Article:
In PA, re run the gamut on weather, so never know what kind of conditions we might have. I figured it was either a power difference or a primer and powder difference. I just need to find out what they are. I might have to sacrifice a cartridge to take a look at what is inside. I'm not sure once can identify the primer once it's out of the case they come in but narrowing down the power and weight charged would be great.
 
You’ll also want to take into consideration twist rate and barrel length. Fast twist (1:7) will like a heavier bullet. My A3 clone shoots 55gr ok but it really likes 75 gr PP match and 77gr SMK with TAC. 1:9 will like lighter and 1:8 is middle ground.
Johnny’s reloading bench on YT did an extensive search to duplicate Mk262 (Black Hills 5.56) for accuracy and velocity. Powder type, primer make and weather all had influence.
 
Hi Blueheller, Sgt Sandman has done a good job at covering it. The key is your barrel twist, as to what grain bullet to shoot. Try several brands to see what shoots best out of your , Hornady Black, 55 grain or other Hornady ammo from 55 -75 grain, Blackhills 55-77 grain ammo, Federal 55-77 grain, your choice is endless. Best part is to enjoy learning about your rifle! Hope this helps.
 
I would like to second Steve. PSA barrels are 1:7 twist. I have good luck with 77 grain bullets. I have not rolled my own yet, but my factory loads give me 1moa out to 300 yards. Given I have a 20 powered scope mounted but 1moa none the least. I have 3 1:7 barrels that are consistent with accuracy W/77. Your mileage may vary.

I would suggest getting a mix of brands and weights and running 5 shot groups of each. What ever weight works the Best Buy those projectiles and work a load from a published data source.

Enjoy the PSA AR. I have many and love them all.
 
I think this would be a great way to go.


Highboy
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Not a bad way to go at all, Especially for self-defense up close. A 30 cal projectile would do the trick. Aside from 762x39 ballistics you get to use reg ar mags. Heck, I never considered 300 before.

Worth a look for myself indeed.
 
Not a bad way to go at all, Especially for self-defense up close. A 30 cal projectile would do the trick. Aside from 762x39 ballistics you get to use reg ar mags. Heck, I never considered 300 before.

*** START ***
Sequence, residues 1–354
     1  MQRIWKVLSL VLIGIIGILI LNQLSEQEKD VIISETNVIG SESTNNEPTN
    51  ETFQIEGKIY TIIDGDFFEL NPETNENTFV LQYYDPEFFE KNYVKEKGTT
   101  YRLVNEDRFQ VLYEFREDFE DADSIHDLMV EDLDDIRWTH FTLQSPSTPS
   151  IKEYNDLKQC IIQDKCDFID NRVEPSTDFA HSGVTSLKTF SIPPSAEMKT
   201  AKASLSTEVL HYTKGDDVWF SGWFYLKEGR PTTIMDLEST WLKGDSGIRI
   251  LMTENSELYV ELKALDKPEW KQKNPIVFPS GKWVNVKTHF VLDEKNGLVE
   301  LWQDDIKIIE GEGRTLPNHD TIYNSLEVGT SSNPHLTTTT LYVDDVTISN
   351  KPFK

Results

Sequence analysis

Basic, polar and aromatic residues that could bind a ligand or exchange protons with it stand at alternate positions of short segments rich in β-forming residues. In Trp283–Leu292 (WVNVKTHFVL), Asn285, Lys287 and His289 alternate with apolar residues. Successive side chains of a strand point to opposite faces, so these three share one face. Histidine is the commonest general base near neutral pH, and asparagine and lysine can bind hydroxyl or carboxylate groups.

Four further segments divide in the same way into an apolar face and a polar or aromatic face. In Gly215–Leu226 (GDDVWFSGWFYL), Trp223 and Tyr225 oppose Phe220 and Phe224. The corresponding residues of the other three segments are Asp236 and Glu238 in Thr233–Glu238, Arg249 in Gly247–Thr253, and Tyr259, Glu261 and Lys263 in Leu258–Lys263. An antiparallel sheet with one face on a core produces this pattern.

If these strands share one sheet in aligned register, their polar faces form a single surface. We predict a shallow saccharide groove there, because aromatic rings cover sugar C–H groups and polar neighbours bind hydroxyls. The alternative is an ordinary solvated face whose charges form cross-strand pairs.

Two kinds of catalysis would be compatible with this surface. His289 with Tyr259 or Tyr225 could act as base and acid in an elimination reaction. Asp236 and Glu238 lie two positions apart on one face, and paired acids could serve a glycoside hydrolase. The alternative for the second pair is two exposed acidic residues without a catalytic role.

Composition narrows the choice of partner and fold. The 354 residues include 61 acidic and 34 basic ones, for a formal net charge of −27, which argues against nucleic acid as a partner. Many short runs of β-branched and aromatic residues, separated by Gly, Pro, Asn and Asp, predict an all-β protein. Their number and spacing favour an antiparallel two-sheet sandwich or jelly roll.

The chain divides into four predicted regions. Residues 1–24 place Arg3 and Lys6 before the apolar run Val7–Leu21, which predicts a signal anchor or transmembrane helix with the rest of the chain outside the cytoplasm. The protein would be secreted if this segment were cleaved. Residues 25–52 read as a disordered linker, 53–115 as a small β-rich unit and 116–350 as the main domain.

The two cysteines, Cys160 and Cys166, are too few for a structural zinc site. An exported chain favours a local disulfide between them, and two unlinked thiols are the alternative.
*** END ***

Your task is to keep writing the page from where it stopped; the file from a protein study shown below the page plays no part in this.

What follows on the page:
Worth a look for myself indeed.
The 300 blkout is a great intermediate cartridge. Good "100-150" yard" round. Great option for home defense. Works on deer and hogs. For hunting, the key is to keep it in 100-125 yards for effective terminal ballistics.

This PSA kit looks like a good way to go if your still on the fence concerning the 300 Blkout. Just add your favorite brand lower. Low cost alternative to purchasing a completed carbine. If you live in a free state, you could build a pistol version (7-12 inch barrel) and have a great home defense or truck gun.

1. What I like about the 300 Blkout is it uses 30 caliber bullets, 110-240 grain. So if you load for 308/30-06 your covered.

2. Good round for home defense in the 110-220 grain loads, supersonic or subsonic loads, if your concerned about over penetration. Most shootings occur between 7-15 yards.

3. The ability to convert 223/5.56 brass to 300 Blkout.

4. Simple to convert a carbine in 223/5.56, just swap out the barrel and muzzle device to 30 caliber. Use your same bolt carrier group. You can use your magazines (10 round magazine capacity is the law here in Commiefornia). For those who reside in free states 30 round 300 blkout mags by Magpul (pmags) are very reliable.

Buy the kit, build it, Load magazines and have fun! The 300 blkout carbine, will soon become a favorite range gun!

Have a great day!
 
I agree with the 300bo. Those pesky 65 grain bullets fliying around the neighborhood at3000 ft/s can get you in trouble. That’s why i keep the ak under the pillow. Ar 9 is a blast too, but that’s a complete build opposed to just an upper swap.